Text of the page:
I gave a pint of blood today. Don't be too in awe of my generosity. When they asked when I had previously given, and I couldn't remember, they checked the computer and it was 1994! Still, I've made an appointment to go back in March. If you are fit and well and able to do it, I encourage you to think about giving blood even if you've never done so. If someone as squeamish as me can cope, anyone can. If you're Scottish, you can find your nearest donor point here. It's an amazing thing that someone else can get your blood, and that we can so easily part with it with no ill effect.
It is a severe handicap for us preachery types that we can't do anything in life (perhaps with one or two exceptions which I won't go into) without thinking of sermon illustrations from the experience. (I once went on a two day health and safety course and got lots of sermon illustrations from it, which is hardly what my employers had in mind in sending me).
I'm not going to enlighten/bore you as to what were the sermon points I came up with as a result of giving blood. Mind you, I'd love to know your suggestions for what sermon illustrations you could get from the experience, whether you're the churchgoing type or not.
Anyway, the main thing that has struck me today is what an amazing thing the human body is. As well as some blood, over the years I have parted with my wisdom teeth, my appendix and my tonsils, not to mention the four little humans removed by caearean section over five years or so. I know I could still survive other bits of me being removed. Not that I'm volunteering for it, you understand. According to QI last night, it is not in fact true as I had formerly believed that earthworms can survive being chopped in half. Occasionally the head end will survive, but not always. On the other hand a female human being could, as well as appendix and tonsils, part with gall bladder, breasts, limbs, a kidney, all her teeth, an eye or two, and who knows what else, and still be a person. I don't know what that illustrates, except that I am completely mad to be having such weird thoughts. But it does make me think of how what constitutes a human being needs a broad description. I remember when Firstborn was a wee baby (and she was quite wee - 5lb 12oz at birth) got her first anorak. I hung it on a coat peg beside the front door and found myself saying, idiotically, "Look! Just like a real human!" But to this day, I find it astonishing that a little tiny baby is a "real human".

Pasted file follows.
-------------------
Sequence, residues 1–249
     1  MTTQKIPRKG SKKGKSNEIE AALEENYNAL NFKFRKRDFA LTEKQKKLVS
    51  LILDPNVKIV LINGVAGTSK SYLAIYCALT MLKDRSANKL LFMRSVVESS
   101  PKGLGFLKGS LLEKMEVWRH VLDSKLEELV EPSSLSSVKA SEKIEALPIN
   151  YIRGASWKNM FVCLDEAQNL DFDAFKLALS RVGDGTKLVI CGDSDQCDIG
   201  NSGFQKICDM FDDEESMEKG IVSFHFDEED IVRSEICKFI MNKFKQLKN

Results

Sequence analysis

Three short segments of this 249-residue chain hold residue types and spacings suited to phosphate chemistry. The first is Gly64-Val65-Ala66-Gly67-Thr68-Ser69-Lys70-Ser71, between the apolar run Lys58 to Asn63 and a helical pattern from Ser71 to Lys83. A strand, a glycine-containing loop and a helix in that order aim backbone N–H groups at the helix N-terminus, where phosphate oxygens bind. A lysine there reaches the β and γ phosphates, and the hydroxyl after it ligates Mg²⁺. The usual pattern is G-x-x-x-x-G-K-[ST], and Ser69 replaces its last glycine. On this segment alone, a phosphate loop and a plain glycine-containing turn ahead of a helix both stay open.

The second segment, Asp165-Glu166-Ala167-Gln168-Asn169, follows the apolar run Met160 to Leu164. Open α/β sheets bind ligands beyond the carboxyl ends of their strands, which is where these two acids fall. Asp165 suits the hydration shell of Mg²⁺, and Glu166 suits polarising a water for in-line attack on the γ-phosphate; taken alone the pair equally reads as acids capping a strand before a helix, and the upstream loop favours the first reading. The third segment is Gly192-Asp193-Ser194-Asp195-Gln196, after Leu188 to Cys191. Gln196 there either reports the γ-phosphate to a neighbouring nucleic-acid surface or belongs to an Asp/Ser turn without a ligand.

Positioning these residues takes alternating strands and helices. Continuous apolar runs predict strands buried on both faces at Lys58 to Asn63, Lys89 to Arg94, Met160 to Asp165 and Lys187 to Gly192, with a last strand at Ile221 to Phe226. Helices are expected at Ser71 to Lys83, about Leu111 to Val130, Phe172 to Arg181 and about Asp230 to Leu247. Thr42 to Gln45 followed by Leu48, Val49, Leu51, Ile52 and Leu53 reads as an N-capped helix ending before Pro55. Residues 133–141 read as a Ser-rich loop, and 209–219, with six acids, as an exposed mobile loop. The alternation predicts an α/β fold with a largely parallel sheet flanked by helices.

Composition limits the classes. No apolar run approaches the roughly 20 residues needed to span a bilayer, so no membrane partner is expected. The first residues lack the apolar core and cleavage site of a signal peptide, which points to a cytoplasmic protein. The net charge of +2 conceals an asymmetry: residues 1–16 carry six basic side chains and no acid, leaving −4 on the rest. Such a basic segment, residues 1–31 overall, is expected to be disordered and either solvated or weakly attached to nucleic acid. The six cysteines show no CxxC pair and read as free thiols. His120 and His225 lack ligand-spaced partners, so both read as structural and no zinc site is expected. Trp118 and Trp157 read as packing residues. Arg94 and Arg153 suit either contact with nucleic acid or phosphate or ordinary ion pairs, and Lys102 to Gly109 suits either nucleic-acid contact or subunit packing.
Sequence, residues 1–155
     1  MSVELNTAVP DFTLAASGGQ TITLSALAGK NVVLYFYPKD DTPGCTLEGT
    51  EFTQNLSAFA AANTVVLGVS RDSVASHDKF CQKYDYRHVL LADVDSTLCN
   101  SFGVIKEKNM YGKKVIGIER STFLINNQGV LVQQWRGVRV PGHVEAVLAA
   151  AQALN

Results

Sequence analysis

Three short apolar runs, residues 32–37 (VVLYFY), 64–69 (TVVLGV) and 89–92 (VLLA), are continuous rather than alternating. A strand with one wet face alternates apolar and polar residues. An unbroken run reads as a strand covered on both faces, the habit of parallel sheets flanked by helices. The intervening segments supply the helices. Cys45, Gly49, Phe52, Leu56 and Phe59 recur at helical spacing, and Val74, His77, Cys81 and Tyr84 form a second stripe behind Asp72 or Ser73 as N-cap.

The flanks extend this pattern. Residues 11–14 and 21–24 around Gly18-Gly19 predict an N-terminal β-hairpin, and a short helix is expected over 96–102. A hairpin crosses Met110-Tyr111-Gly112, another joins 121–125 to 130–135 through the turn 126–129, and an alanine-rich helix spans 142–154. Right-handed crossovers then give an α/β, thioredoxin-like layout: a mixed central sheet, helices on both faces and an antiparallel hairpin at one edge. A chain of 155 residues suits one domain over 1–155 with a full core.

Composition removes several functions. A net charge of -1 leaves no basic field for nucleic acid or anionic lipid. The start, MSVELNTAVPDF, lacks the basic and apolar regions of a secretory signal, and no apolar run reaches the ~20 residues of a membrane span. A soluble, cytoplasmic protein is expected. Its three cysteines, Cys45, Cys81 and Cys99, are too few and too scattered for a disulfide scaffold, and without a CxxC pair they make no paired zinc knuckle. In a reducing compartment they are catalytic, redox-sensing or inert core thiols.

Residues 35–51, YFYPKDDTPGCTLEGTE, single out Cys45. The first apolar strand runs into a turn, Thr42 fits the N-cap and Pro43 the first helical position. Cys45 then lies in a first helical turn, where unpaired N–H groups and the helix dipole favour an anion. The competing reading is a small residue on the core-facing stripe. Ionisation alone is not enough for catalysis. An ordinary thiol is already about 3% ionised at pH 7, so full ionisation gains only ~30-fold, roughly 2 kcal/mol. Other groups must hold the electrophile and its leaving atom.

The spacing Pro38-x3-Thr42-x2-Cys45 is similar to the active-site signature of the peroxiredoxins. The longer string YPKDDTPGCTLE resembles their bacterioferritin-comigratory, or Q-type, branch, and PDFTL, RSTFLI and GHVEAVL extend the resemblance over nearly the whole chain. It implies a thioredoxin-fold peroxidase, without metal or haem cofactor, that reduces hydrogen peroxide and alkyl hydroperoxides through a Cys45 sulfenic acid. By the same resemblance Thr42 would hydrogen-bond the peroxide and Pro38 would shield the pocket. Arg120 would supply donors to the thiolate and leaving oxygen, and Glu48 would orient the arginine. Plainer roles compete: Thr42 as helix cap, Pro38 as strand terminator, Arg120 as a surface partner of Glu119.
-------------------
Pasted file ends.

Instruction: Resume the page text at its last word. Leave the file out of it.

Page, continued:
I guess what makes a real human is quite an important thought when it comes to the euthanasia/assisted suicide debate. Tonight, the BBC is showing the death of a man who, because of his serious illness, went to Switzerland (where the law is different) to have an assisted suicide.
My main concern with that debate is that if the law here was changed to allow it, then perhaps over time, vulnerable ill, elderly and/or disabled people might think that they are too much of a burden to their family and/or the NHS, and that the right thing to do would be to "spare" their family by ending their own lives.
Recently I heard on the radio a debate between a man who had become quadriplegic through an accident, with a lady who also was severely disabled. Both needed 24-hour care. The man said that his special bed had been taken away due to NHS cuts in their area and that he had pressure sores. The lady was pretty incensed about that, and made the very powerful point that "little" things like pressure sores can influence detrimentally someone's quality of life to a tipping point where they no longer want to live. She also said that until, as a society, we are able to support all our citizens with their right to live properly, we shouldn't even be discussing the right to die. Perhaps as a society we tend to discount various categories of people in our minds as not being "real humans". Not consciously, but we still do it. And they are bound to pick up that message.
I mentioned my no-longer-with-me appendix earlier. When the fever was at its height, I would probably have opted for assisted suicide had it been available! Pain stops you thinking rationally. People who are suffering are not in the best place to judge whether it is time to die. People who are clinically depressed aren't either. And the burden on the family and on the doctors, of having to take the decision to help is a heavy burden indeed. We are not God. Even those who don't believe in God must agree that they are not God.
Imagine - By Shaun Weldon
16 hours ago